I think that only works if you bought your floating-rate bonds from a Libor-manipulating bank, but still. The notion that “not telling you that we’re manipulating Libor” would count as securities fraud is surely encouraging to a lot of potential plaintiffs, and loosely speaking it seems to make Freddie’s case – “not telling us that you manipulated Libor counts as breach of contract” – a little stronger.
Incidentally some of the plaintiffs here did buy floating-rate bonds from Libor banks, and yet got tossed out of court because they didn’t bring any securities fraud claims. Why not? Well for boring RICO treble-damages reasons, mostly,3 but also maybe because the plaintiffs realized (as their lawyers themselves said) that “they would not have been able to prove reliance on defendants’ misrepresentations.” A securities fraud case requires you to prove not only that the banks lied to you, but also that you believed them to your detriment. Here the lawyers didn’t think they could do that.
Why not? Oh, bunches of reasons, including that most people probably don’t buy floating-rate securities because of their belief in the unmanipulated nature of Libor. But also perhaps because everyone knew that Libor was being manipulated? The opinion spends a fair amount of time on this, for statute-of-limitations reasons that need not concern us; there’s even this handy chart:
Judge Buchwald decided that, by May 29, 2008, anyone using Libor was “on inquiry notice” that there might be a problem. That’s not quite the same as saying “no one should have trusted Libor from then on,” or that anyone who relied on Libor after that date couldn’t win a fraud lawsuit, but I’m not sure it helps.
In re LIBOR-Based Financial Instruments Antitrust Litigation [SDNY via Reuters / Alison Frankel]
In Libor Ruling, a Big Win for the Banks [DealBook / Peter Henning]
Judge finds for banks, dismisses most claims in Libor lawsuits [Reuters]
1. I guess? Actually only one day a month is a Eurodollar futures fixing based on 3mL but I suppose manipulating Libor on non-fixing days, and for that matter manipulating non-3m-Libor, can affect the trading price of the contract and be enough to get you in trouble.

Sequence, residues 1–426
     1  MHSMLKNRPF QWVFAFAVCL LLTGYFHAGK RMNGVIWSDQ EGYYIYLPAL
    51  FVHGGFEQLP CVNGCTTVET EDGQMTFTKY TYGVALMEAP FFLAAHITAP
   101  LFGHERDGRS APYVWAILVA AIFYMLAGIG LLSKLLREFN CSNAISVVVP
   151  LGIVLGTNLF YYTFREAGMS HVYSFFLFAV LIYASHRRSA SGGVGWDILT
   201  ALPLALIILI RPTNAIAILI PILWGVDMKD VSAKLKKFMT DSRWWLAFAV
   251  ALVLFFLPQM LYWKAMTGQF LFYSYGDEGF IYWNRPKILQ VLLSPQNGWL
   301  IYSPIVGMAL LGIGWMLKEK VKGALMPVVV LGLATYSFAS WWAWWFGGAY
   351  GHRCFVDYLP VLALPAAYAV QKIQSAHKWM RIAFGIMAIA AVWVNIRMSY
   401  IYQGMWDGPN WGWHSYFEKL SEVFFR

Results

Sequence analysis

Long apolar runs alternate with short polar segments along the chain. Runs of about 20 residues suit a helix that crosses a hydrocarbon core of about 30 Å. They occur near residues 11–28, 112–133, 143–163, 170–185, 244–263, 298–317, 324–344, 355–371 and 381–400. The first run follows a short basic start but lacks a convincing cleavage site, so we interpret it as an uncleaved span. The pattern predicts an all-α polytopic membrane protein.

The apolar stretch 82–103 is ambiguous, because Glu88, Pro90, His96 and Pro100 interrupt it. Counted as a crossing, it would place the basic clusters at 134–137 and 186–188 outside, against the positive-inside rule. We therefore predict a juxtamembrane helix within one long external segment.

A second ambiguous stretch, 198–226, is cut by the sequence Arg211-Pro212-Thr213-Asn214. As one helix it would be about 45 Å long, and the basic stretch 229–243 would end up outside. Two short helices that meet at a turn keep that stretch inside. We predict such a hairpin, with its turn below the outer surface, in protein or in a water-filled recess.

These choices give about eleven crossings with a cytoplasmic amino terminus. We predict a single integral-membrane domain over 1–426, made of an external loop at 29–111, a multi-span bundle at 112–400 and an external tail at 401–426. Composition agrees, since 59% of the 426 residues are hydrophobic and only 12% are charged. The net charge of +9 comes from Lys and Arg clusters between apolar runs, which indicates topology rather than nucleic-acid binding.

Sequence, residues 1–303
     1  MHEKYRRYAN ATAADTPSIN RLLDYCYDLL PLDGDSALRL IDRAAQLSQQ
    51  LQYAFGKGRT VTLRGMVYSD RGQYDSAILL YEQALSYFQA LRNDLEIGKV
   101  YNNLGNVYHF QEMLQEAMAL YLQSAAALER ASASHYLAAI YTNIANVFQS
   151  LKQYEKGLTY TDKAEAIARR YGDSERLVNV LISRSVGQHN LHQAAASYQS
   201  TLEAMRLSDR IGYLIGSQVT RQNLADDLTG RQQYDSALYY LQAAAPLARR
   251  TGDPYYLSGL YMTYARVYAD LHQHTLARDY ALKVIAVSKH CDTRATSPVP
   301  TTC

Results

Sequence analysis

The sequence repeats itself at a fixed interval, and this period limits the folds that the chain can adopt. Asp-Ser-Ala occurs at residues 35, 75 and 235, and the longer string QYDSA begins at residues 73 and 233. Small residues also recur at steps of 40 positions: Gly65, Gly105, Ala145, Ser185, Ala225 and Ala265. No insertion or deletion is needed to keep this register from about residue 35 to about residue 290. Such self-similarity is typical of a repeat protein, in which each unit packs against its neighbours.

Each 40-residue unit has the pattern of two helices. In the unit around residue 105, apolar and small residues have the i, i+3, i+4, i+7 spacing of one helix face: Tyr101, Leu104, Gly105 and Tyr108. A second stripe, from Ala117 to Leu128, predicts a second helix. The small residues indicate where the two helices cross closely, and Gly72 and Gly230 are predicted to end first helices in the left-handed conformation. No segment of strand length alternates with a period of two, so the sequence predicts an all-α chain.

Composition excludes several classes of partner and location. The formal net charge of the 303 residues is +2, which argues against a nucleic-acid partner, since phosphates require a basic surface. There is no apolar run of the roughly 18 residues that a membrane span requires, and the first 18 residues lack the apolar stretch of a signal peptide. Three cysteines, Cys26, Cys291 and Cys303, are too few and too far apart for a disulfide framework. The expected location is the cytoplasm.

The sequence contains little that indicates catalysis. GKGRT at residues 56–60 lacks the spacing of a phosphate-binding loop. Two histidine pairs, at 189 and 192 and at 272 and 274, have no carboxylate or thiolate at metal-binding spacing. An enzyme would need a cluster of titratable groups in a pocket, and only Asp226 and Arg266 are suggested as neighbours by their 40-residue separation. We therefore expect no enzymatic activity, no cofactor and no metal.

2. Judge Buchwald is mildly optimistic:
Moreover, the Barclays settlement documents suggest that Barclays had a concrete economic interest in manipulating the price of Eurodollar contracts and, indeed, may have manipulated LIBOR for the express purpose of profiting on Eurodollar contracts. See, e.g., CFTC Order 2 (“Barclays based its LIBOR submissions for U.S. Dollar . . . on the requests of Barclays’ swaps traders, including former Barclays swaps traders, who were attempting to affect the official published LIBOR, in order to benefit Barclays’ derivatives trading positions; those positions included swaps and futures trading positions . . . .”) (emphasis added); DOJ Statement ¶ 10 (“Barclays employs derivatives traders in New York, New York and in London, England who trade financial instruments tied to LIBOR and EURIBOR, including interest rate swaps and Eurodollar futures contracts . . . .”).
3. Because you can’t bring a RICO case if you also have a securities fraud case, the plaintiffs withdrew their securities fraud case. Judge Buchwald is suspicious:
The securities fraud claim was withdrawn in the amended complaint, a decision that, according to plaintiffs’ counsel, was not manipulative, but rather took account of their realization that they would not have been able to prove reliance on defendants’ misrepresentations. Frankly, this explanation strikes us as a dubious position adopted in an effort by plaintiffs to disown their original complaint and thereby avoid dismissal of their RICO claim, a claim whose siren song of treble damages apparently proved irresistible.